I’m really excited about Samantha Sutton and the Labyrinth of Lies, because… Nancy Drew meets Indiana Jones? Yes, please!
GoodReads Summary: A legendary ghost, an ancient treasure, a mystery only Samantha Sutton can solve.
What happens when Indiana Jones meets Nancy Drew? You get Samantha Sutton, twelve year-old archeology buff with sharp wit and an insatiably curious personality. SAMANTHA SUTTON AND THE LABYRINTH OF LIES is the incredible page-turner about a young girl from California who is given the chance to follow her archeologist uncle to the excavation of an ancient Peruvian temple.
What she doesn’t expect, though, is the legend haunting this ancient site. When important artifacts begin to disappear overnight, Samantha must navigate the disapproving eye of her uncle’s acerbic assistant, the bungling boyishness of her annoying big brother, and the ever-present stories swirling among the locals of the hysterical spirit that wanders through the town late at night. Using her keen sensibility and her knack for mapping the unknown passageways of Chavín de Huántar, Samantha uncovers a mystery far bigger than she could have ever imagined. This is a novel for children (and adults!) who love history, mystery, and heart-stopping plot-twists.
I found Sam’s Uncle Jay to be an interesting character. He’s maybe not the most responsible adult and I think he puts Samantha in some awkward situations, but her relationship with her parents is just as complicated. Both relationships feel real and I really appreciated the shades of grey with all of the characters. There were some nice people who turned out to be bad and some nasty people who turned out all right in the end and everyone else fell somewhere in the middle. Nobody was exactly what they seemed.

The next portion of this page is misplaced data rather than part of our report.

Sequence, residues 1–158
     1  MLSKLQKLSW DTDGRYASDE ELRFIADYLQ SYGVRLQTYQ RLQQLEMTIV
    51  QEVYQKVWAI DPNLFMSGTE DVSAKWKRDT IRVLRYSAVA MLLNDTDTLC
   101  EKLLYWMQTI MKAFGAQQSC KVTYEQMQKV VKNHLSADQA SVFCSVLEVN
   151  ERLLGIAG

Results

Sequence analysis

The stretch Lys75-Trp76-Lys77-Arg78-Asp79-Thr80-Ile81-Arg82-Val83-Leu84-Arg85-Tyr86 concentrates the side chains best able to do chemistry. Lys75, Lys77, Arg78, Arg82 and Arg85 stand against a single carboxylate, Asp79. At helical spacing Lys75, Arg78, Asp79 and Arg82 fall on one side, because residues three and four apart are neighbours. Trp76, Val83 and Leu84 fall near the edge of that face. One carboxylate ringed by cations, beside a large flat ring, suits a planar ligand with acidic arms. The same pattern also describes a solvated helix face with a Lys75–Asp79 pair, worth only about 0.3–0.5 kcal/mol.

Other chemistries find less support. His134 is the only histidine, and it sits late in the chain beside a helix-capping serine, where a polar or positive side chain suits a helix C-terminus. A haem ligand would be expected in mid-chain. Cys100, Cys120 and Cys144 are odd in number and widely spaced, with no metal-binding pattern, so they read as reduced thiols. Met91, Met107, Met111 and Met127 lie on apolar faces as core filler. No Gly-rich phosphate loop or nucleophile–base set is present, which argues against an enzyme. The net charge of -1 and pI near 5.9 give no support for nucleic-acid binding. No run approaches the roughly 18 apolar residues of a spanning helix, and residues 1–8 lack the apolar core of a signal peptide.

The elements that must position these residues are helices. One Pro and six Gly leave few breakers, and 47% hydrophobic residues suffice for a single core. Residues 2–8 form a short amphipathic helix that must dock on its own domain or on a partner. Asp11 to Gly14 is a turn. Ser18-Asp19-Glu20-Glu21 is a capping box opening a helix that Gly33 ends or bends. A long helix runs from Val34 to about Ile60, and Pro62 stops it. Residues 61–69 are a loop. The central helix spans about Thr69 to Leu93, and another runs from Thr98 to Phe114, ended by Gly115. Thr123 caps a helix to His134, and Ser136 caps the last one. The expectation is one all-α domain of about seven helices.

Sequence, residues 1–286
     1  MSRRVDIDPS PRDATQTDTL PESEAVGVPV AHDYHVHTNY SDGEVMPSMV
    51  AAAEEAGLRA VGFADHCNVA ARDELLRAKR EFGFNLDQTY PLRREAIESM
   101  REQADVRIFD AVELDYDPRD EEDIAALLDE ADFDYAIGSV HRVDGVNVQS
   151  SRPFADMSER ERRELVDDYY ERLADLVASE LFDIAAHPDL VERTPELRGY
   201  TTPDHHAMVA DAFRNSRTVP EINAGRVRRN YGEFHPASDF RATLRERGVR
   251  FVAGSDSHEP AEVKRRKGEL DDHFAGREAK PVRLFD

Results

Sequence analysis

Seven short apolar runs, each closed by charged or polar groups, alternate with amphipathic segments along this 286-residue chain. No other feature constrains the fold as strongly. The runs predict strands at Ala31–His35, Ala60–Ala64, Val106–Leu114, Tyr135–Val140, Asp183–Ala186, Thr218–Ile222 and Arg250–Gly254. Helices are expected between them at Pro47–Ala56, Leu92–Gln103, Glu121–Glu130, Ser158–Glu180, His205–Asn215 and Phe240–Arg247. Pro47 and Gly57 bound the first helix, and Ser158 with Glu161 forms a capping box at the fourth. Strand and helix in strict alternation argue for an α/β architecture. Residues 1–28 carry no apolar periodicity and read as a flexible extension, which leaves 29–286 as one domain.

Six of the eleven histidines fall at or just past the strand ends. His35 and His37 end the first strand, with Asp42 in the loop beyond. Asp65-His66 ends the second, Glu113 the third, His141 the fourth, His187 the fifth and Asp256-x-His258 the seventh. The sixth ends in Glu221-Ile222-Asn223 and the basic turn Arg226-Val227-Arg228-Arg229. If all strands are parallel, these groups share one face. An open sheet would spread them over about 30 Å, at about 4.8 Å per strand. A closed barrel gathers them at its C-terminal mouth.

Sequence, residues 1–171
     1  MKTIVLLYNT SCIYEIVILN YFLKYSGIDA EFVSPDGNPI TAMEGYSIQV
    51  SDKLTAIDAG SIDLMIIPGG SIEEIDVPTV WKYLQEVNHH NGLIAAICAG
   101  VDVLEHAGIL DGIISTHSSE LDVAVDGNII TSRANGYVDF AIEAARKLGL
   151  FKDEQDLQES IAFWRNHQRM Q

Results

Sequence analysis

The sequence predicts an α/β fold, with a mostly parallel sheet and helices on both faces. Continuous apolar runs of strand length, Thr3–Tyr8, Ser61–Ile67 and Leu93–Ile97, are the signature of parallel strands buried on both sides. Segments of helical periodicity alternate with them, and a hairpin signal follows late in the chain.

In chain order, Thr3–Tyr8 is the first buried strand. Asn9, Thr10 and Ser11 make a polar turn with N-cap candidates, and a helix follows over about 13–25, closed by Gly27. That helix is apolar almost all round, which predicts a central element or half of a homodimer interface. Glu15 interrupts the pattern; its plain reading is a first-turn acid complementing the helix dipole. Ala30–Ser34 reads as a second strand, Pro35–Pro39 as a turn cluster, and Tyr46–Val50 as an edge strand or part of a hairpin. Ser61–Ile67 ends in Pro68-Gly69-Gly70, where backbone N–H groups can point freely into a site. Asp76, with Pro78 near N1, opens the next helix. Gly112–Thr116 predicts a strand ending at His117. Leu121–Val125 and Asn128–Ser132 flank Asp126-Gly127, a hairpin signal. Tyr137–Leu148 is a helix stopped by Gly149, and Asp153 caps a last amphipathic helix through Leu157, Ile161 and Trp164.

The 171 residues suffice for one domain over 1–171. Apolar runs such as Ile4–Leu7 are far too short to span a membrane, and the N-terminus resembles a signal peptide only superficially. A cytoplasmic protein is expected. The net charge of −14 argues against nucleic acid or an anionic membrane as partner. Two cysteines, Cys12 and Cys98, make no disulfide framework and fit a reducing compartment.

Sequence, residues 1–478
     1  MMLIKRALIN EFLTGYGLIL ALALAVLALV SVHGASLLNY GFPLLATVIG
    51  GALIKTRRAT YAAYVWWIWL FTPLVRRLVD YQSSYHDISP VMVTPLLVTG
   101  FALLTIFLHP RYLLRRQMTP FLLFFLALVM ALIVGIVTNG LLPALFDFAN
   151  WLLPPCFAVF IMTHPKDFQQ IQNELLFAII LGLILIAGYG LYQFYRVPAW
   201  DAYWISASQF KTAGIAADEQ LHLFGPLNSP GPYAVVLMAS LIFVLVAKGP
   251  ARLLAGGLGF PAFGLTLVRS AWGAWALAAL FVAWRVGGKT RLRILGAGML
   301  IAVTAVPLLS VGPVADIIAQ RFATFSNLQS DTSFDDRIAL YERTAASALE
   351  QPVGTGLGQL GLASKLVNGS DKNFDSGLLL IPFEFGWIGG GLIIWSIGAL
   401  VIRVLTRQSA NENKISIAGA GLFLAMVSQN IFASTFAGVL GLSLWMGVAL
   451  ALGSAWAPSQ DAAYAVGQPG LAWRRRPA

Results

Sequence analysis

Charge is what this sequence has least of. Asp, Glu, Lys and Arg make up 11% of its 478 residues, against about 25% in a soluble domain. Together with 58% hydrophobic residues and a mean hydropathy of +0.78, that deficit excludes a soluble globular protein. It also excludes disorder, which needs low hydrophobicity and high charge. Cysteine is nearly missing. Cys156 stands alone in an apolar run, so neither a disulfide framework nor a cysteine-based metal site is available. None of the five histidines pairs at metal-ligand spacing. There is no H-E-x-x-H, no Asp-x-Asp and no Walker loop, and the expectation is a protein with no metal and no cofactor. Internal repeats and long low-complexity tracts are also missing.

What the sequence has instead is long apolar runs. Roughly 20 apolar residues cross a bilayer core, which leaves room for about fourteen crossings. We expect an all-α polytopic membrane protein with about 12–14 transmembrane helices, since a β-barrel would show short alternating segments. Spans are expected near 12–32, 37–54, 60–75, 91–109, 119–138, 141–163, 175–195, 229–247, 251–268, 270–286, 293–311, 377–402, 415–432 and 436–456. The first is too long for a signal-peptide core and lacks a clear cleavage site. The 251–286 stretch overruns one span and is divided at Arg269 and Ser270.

Plot/Pacing: There is a lot of space devoted to Sam’s archaeology expedition, but it ties into the mystery, and I thought it was really cool. I liked reading about what happens on a site and, honestly, if 12-year-old me had read this book, I might have had a different major in college. I guessed the bad guy very early on, so it stressed me waiting for Sam to figure it out, but I had fun watching Sam solve the mystery and enjoyed the build up to the climax.
Moments I Loved: There are so many fun, scary, cute, moments in this book, but I think my favorite part is in the author’s note, where Jacob’s says that “the archeologists who actually work in Chavin are far, far more competent than their fictional counterparts.” I loved them as characters, but yeah… they are pretty irresponsible, so the comment made me laugh.
WTF Moments: Sam sees dinner being made one night… guinea pigs. As if that weren’t bad enough, we get to hear about them being gutted and fried up… could have done without that image.
Overall: I can’t wait until my niece is old enough for me to read this with her. I will definitely be checking out Sam’s next adventure.
**I received an e-galley of Samantha Sutton and the Labyrinth of Lies from the publisher through NetGalley. I was in no way compensated for my review or participation in the blog tour. All opinions expressed here are my own. Feel free to check out my full FTC Disclaimer on my About This Blog page.**
Jordan Jacobs’ love of mummies, castles, and Indiana Jones led to his first archaeological excavation at age 13 in California’s Sierra Nevada. He followed his passion at Stanford, Oxford, and Cambridge and through his work for the Smithsonian, the American Museum of Natural History, and UNESCO. His love of travel has taken him to almost fifty countries, and his work at Chavín de Huántar inspired his first novel,SAMANTHA SUTTON AND THE LABYRINTH OF LIES. He now works as senior specialist at the Phoebe Hearst Museum of Anthropology at UC Berkeley.
I asked the author, Jordan Jacobs, to share ten of his favorite places. I love travelling and want to do more, so I’m so glad I get to share his list with you. And the setting of his book is totally on this list!
JORDAN JACOBS GUEST POST: